Super Spidey

Live and let live? Don’t push me

Super Spidey - A kite flying in the sky - European garden spider

I am a “live and let live” type of gardener although I have many times in these pages described how my backyard is trying to kill me with snakes and heavy machinery and a sharp, unfurled palm frond to the old eyeball that made me leak orbital fluid and caused me to sit up all night reordering my life as a half-blind person. Missed some of that? That’s fine. I’m back to tell you about the spiders.

Since Hurricane Irma, or so it seems to me, the spinybacked orbweaver spiders in my yard have been infected with super spidey powers. First, the storm didn’t kill them; and second, after-effects of the storm on this spider’s fertility is nil. Nada. Those things are ALL OVER my yard. There are many, many spiders in my yard and I do not think I had that many before.

I am willing to concede that I might not have been paying much attention, because even the University of Florida Extension Service describes them as “one of the most conspicuous of spiders.” Okay, fine, they are shaped like crabs, so yes, we tend to notice them.

But here’s the thing — they are jerks. According to Orkin, the pest exterminators, these spiders put their webs, “in shrubs, trees, and the corners of windows and doors and on porches and patios.” This sentence suggests the spiders build in out of the way places. Yeah, no. My spiders are not satisfied until they’ve caught your face.

Have you ever brushed up against a spiderweb with your knee? Of course not. And yet, have you ever had, say, a mosquito bite on your ankle? Of course you have. But do spiders ever consider going after the ankle-level bugs or are they determined to stretch a web where the average person will walk into it face first? The latter, of course.

For months now, I have been carefully un-attaching two or three of the web tethers to gently move the webs out of my way causing the webs to float up and away. I was encouraging the spiders to move on. Scoot. But I was doing it in a genteel, Southern lady style.

When the spiders persisted, continuing to build their webs in even more a**holic locales, I resorted to the stick method. For weeks, I looked like a deranged water diviner, walking through my yard with a stick held face-height in front of me. I wave it up and down to catch the spider web before it catches my face. The neighbors think it’s hilarious. Or would, if they could see past the opaque layers and layers of head-height spider webs and see me acting like an idiot.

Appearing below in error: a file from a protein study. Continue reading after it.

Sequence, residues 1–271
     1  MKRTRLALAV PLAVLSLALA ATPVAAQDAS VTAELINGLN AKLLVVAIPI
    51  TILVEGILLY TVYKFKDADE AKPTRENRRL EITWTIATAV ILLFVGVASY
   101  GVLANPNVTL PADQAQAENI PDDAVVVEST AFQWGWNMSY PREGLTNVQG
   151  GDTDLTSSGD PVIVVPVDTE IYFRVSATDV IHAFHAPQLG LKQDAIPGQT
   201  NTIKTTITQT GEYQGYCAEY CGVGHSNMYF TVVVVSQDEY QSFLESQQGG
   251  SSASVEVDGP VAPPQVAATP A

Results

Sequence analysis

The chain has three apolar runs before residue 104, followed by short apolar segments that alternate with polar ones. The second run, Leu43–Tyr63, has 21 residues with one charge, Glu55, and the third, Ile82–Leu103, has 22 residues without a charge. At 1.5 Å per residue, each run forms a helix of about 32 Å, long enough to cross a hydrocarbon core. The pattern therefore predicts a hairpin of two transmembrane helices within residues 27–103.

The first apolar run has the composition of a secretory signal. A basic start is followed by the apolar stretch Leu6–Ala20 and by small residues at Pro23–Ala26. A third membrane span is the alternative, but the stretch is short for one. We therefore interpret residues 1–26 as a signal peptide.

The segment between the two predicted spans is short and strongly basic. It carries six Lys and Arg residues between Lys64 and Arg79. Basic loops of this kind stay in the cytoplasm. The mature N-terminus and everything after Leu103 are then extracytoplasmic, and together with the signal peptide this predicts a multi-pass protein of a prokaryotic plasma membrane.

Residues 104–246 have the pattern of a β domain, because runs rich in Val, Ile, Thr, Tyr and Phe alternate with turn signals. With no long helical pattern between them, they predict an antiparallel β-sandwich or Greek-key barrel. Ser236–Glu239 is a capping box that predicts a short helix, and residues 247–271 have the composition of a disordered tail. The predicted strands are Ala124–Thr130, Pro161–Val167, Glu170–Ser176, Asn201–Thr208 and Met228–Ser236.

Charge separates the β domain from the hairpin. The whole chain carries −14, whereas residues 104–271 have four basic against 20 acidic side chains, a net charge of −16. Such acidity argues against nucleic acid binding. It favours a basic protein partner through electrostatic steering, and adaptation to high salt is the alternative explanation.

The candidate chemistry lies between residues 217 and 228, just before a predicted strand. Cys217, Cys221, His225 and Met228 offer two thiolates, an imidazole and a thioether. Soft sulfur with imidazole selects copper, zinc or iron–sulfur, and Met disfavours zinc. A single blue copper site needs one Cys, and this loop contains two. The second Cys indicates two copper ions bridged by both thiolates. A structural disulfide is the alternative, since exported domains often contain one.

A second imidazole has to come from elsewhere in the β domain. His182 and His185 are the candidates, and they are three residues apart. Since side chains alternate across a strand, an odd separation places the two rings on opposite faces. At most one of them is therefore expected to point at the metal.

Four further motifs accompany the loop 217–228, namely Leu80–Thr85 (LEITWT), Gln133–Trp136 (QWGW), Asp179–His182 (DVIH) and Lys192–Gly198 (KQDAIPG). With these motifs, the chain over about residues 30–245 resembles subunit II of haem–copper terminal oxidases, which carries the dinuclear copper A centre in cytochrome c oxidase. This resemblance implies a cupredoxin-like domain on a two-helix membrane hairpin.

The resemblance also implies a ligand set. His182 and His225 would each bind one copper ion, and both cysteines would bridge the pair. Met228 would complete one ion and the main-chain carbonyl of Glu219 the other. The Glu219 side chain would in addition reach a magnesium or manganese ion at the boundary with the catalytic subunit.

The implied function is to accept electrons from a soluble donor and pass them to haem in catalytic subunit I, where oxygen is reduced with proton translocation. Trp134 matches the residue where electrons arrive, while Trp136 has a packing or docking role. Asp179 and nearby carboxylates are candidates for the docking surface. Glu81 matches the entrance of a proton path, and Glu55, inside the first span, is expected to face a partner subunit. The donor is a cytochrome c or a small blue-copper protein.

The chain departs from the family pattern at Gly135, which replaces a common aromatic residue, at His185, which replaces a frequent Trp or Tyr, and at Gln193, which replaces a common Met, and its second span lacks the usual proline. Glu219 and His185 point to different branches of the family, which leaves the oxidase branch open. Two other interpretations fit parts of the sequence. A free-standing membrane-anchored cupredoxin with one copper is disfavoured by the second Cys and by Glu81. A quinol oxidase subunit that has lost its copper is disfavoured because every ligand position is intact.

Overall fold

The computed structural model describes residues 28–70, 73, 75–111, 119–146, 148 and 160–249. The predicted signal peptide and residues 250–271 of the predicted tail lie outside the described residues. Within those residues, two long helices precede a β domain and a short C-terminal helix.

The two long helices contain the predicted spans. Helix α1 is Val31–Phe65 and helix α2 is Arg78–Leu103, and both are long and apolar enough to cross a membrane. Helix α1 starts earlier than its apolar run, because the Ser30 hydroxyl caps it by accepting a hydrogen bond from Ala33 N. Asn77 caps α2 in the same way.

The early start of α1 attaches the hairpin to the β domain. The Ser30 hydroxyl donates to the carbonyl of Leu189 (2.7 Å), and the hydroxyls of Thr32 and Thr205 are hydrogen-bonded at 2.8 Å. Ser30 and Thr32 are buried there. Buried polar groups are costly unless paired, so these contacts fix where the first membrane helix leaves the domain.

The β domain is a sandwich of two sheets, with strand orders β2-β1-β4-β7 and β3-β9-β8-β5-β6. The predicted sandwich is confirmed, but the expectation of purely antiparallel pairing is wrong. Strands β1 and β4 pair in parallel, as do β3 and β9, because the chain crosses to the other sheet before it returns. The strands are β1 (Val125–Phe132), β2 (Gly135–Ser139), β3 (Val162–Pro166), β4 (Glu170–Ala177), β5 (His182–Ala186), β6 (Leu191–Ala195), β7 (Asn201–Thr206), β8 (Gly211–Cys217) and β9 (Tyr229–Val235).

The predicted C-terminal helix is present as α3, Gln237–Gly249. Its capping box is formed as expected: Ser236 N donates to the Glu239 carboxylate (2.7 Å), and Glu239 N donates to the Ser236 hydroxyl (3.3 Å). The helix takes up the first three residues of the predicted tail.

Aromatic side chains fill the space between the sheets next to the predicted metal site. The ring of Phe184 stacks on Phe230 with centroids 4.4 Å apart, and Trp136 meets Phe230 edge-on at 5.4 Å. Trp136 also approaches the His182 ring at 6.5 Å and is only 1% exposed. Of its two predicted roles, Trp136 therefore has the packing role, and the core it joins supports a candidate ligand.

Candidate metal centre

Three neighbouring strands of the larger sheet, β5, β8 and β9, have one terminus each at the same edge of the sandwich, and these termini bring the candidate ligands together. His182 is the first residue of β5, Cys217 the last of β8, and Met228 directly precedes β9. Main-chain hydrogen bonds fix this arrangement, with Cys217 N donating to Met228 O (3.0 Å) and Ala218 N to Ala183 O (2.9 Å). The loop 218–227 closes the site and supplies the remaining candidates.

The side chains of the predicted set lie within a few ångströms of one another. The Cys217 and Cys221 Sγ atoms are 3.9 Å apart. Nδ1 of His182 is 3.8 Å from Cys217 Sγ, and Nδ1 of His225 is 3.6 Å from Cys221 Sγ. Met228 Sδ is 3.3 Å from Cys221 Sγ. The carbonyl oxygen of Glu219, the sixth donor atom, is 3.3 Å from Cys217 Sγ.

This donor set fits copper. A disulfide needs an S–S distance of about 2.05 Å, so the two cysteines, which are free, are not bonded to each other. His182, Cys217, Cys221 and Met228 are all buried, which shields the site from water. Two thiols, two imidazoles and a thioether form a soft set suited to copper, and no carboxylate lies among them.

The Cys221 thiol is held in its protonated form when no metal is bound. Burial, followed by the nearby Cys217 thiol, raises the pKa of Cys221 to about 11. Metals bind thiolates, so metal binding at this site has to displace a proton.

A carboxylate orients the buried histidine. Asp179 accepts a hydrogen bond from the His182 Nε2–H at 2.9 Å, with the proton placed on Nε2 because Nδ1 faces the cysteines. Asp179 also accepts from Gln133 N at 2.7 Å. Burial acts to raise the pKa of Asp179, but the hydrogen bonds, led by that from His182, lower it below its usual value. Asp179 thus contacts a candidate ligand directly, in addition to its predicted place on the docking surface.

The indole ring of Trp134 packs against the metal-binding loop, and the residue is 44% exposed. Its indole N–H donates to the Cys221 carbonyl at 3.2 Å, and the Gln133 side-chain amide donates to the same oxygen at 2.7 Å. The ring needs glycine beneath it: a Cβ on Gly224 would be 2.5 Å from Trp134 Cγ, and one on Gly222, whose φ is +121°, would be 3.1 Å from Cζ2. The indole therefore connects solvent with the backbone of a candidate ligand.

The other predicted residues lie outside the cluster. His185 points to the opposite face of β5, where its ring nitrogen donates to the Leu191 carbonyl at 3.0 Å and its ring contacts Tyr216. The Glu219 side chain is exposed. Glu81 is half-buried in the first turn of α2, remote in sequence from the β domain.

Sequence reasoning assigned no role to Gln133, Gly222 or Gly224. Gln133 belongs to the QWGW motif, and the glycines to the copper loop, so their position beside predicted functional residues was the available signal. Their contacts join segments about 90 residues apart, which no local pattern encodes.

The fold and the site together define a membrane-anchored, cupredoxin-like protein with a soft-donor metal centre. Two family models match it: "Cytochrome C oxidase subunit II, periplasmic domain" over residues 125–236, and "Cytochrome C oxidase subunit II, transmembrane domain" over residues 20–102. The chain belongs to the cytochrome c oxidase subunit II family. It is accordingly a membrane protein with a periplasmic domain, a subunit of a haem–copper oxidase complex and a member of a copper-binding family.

It also seems to me, using the most unscientific measure available to me, commonly called opinion, that the special post-Irma spidey power has infused their webs with extra strength. On the main tethers of the web, there seems to be an extra “bead” of superglue every inch or so. Again, University of Florida informs me this is nothing new: “Conspicuous tufts of silk occur on the web, primarily on the foundation lines … one hypothesis suggests that the tufts make the webs more conspicuous to birds (Eisner and Nowicki 1983), preventing the birds from flying into and destroying the webs.”

First, they are kind of conspicuous, but not super conspicuous. For example, they are less visible when the subject is carrying a load of clean laundry from the outdoor facility to the inside; when that person is calmly walking along and inhaling the “fresh linen” scent, minding their own business, on a path they’ve traversed three times today already. And then boom! — spiderweb to the face. I tried rubbing my face against my shoulders to remove the spider web, while simultaneously trying to see if there’s an actual spider on my person. It’s hard to see both the front and sides and back of your torso — all at once — without some extra eyeballs. I was also making a weird screaming/moaning noise with a twisted face — sort of like catching Sylvester Stallone on a really bad day.

Second, and here comes the other super spidey part, these webs are really strong. That’s not to say I’m hitting them like a trampoline and then being catapulted backward. But you know how the usual spidey dance lasts about five seconds and then you forget all about the skin-crawling event completely? Well, that happens. But then a minute or five later, I find that my car keys are wrapped in spiderwebs, or I find a loose tendril or two just hanging off a forearm instead of dissolving like a regular spiderweb. It’s usually a two-for-one, now-AND-later skin crawling experience with these super spiders.

According to Orkin, “Crab Spiders” do have one thing going from them. “The bite of this common species is not known to cause serious effects to humans.” And yet, after the laundry episode, I’m not so sure I’m willing to coexist — safe or no. I am welcoming, however, birds that are especially trained to dive bomb spinybacked orbweaver webs. It’s war now.

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